Brow Beat

Is Louis C.K. Getting Political?

Louis C.K. in 2010.

Louis C.K. speaking at a tribute to George Carlin at the New York Public Library in 2010.

Photo by Bryan Bedder/Getty Images

Back in August, Louis C.K. said to Joel Lovell in GQ, “I’m not a political comedian.” He was explaining his regret for the remarkably profane tweets he posted both at and about Sarah Palin a year before. “It was a point of pride” for C.K. “that he had credibility with the right wing,” Lovell explained. Though he’s been called “the comedy love child of Bill Hicks and George Carlin,” C.K. has never been as openly political as either of those comics (both of whom he’s praised—Carlin in particular). When he wrote a political argument between himself and his conservative friend Nick DiPaolo (a fellow comedian) into the first season of his great FX show, Louie, he made a point of presenting himself as the more unreasonable of the two.

I thought of those GQ comments while watching C.K. perform at the Beacon Theatre in New York City on Saturday night, the last performance on his latest tour. (He filmed a new special—which will become available online in December—the evening before.) The routine was by no means a departure from the brilliant work C.K. has been doing for the last few years—it included hilarious bits about sex, being a dad, getting old, and so on. But several extended riffs, taken together, gave the evening a more political cast than his previous one-hour specials.

Chief among these was a bit about the environment and Christianity. After a few jokes on littering in New York City, C.K. said that if you believe God created the Earth for all of us—which he doesn’t, mind you—then it seems sinful to trash the place. It wasn’t quite Bill Hicks talking about pot, but it was at least in the same ballpark.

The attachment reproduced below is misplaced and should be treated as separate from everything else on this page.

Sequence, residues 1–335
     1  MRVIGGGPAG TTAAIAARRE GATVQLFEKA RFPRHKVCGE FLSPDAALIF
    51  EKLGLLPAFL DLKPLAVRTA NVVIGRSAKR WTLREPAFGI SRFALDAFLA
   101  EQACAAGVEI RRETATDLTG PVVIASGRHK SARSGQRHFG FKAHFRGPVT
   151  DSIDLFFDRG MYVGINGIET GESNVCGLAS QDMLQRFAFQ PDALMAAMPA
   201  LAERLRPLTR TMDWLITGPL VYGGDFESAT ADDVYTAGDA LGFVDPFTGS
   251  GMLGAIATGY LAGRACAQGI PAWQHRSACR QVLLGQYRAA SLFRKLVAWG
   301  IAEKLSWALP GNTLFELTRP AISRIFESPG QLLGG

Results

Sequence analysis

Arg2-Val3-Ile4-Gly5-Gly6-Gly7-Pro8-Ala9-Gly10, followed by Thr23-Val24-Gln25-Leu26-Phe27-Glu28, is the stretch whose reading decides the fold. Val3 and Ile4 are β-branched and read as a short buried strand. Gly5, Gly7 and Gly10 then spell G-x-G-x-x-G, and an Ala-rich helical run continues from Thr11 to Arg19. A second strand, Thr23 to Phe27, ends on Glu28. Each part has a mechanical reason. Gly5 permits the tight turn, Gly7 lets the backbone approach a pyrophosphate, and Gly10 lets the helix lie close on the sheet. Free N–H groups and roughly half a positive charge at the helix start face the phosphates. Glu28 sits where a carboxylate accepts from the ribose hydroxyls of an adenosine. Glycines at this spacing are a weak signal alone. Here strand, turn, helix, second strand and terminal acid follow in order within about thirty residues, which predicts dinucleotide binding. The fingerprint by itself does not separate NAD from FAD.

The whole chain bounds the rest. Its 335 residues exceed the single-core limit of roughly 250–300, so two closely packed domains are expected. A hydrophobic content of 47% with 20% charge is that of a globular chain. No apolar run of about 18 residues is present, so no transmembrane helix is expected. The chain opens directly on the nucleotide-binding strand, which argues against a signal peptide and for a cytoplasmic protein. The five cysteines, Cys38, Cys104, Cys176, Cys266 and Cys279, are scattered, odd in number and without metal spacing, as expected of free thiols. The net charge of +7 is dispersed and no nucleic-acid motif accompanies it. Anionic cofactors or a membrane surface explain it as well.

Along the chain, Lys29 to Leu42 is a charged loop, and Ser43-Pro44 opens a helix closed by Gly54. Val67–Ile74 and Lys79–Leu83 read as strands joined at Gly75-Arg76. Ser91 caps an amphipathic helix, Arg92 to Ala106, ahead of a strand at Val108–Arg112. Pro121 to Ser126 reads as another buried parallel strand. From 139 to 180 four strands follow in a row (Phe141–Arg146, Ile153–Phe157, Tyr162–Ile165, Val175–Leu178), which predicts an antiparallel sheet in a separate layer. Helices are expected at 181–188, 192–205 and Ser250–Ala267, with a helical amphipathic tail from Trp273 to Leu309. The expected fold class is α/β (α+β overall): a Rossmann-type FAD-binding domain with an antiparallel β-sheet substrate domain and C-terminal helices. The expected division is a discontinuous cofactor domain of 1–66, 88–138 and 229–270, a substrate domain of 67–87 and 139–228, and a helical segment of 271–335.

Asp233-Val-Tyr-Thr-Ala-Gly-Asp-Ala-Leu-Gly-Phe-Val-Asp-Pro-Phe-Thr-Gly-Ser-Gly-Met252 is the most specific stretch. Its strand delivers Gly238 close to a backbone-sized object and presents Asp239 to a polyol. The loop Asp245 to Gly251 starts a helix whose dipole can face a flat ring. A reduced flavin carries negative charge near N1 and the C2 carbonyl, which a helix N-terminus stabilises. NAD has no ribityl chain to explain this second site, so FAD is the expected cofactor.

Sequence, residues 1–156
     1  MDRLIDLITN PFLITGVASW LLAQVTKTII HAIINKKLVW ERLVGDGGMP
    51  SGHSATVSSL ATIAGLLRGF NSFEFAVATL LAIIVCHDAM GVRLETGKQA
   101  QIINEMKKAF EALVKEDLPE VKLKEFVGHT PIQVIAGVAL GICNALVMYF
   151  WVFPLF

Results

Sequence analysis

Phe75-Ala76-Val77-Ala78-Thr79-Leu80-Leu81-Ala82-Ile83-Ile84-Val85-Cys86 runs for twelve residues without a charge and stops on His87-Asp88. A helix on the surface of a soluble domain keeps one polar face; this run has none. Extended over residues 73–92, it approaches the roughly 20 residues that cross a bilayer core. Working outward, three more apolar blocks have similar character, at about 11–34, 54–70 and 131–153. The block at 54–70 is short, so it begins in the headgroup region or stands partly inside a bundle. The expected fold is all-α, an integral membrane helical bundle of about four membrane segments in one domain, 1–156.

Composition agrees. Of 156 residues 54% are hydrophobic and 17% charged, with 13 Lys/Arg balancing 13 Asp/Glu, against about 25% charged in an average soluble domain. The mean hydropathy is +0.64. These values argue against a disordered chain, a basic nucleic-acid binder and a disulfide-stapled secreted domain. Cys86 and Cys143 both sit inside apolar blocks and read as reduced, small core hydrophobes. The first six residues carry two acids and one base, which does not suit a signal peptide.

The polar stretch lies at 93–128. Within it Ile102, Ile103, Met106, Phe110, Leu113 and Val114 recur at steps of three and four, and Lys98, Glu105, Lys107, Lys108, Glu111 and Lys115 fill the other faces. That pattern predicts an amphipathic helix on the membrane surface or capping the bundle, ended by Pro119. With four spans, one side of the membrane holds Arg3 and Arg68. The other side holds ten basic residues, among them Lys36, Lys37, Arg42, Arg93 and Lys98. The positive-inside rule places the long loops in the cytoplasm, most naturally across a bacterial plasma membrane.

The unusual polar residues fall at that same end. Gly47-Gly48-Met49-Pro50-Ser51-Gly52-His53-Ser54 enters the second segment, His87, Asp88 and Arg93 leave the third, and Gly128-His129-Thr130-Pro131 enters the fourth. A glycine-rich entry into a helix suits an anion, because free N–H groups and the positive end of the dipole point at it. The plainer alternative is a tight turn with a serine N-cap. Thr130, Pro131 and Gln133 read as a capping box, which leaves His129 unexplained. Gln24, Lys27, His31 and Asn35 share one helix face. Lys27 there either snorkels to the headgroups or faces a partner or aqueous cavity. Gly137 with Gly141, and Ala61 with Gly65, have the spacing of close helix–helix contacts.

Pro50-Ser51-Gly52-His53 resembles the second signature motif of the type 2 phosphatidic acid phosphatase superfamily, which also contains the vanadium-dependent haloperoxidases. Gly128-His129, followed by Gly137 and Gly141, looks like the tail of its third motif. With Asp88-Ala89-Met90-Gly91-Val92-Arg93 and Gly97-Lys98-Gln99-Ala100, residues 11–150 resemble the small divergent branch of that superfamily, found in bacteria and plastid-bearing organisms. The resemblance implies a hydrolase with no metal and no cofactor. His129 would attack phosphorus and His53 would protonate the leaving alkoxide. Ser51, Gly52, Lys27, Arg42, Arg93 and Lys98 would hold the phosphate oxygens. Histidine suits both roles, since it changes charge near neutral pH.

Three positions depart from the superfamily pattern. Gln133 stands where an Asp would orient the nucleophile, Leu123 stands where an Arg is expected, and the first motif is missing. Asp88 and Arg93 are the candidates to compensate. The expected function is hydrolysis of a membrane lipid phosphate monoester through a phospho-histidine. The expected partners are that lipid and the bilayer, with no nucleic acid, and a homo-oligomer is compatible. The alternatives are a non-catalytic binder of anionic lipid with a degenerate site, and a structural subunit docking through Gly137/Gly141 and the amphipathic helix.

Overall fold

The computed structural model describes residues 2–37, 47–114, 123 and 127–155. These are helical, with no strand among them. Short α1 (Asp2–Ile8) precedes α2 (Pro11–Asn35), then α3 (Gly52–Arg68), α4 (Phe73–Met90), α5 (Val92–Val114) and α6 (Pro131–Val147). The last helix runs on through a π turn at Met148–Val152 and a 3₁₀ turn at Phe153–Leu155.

It was even harder not to think of Hicks when C.K. did another planetary riff, this one concerning the beauty of evolution and the idiocy of creationism, a subject Hicks also addressed—albeit in his own, more abrasive manner.

Another rant, about the awfulness of white people, felt more familiar; that’s a subject C.K. has touched on before. But even these jokes seemed more politically pointed than usual. A bit on the way European colonists treated the Indians, for instance—giving them the wrong name, deciding not to change it when they realized the mistake, and also killing most of them—brought George Carlin vividly to mind: American imperialism was a topic he returned to often.

Does any of this herald a new direction for C.K.? Who knows: As he said at the top of the show, it was the last time he would ever tell these jokes; when he woke up on Sunday, he would be starting all over again. It did make me reflect, though, on how much of C.K.’s appeal is essentially moral. Whether the subject is parenting or gay marriage, he harps on hypocrisy throughout his routines. He avoids the tag “political comedian” in part because he rarely zeroes in on specific current events—and also, perhaps, because he always makes his own hypocrisy part of the gag. So you not only admire him for what he says, you also like him for what he seems to be—an ordinary, flawed human being. I do, anyway.